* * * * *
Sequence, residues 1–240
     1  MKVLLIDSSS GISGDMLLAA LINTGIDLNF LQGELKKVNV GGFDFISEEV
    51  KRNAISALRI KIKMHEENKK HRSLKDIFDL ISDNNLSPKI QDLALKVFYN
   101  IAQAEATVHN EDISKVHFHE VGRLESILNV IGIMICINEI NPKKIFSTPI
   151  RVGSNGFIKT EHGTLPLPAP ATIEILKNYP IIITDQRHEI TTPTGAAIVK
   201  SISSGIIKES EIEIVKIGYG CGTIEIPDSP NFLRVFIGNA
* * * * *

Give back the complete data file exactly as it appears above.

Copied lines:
Sequence, residues 1–240
     1  MKVLLIDSSS GISGDMLLAA LINTGIDLNF LQGELKKVNV GGFDFISEEV
    51  KRNAISALRI KIKMHEENKK HRSLKDIFDL ISDNNLSPKI QDLALKVFYN
   101  IAQAEATVHN EDISKVHFHE VGRLESILNV IGIMICINEI NPKKIFSTPI
   151  RVGSNGFIKT EHGTLPLPAP ATIEILKNYP IIITDQRHEI TTPTGAAIVK
   201  SISSGIIKES EIEIVKIGYG CGTIEIPDSP NFLRVFIGNA